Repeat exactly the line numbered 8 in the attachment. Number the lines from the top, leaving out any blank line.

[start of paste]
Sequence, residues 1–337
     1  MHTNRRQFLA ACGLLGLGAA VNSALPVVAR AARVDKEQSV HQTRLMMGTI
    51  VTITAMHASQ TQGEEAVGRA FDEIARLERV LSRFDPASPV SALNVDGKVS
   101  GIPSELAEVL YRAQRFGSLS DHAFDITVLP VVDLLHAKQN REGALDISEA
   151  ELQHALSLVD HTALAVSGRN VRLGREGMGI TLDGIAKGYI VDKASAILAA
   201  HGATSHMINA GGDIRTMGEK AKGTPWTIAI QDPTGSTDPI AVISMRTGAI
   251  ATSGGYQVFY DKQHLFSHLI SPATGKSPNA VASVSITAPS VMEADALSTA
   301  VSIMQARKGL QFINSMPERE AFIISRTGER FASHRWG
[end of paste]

   301  VSIMQARKGL QFINSMPERE AFIISRTGER FASHRWG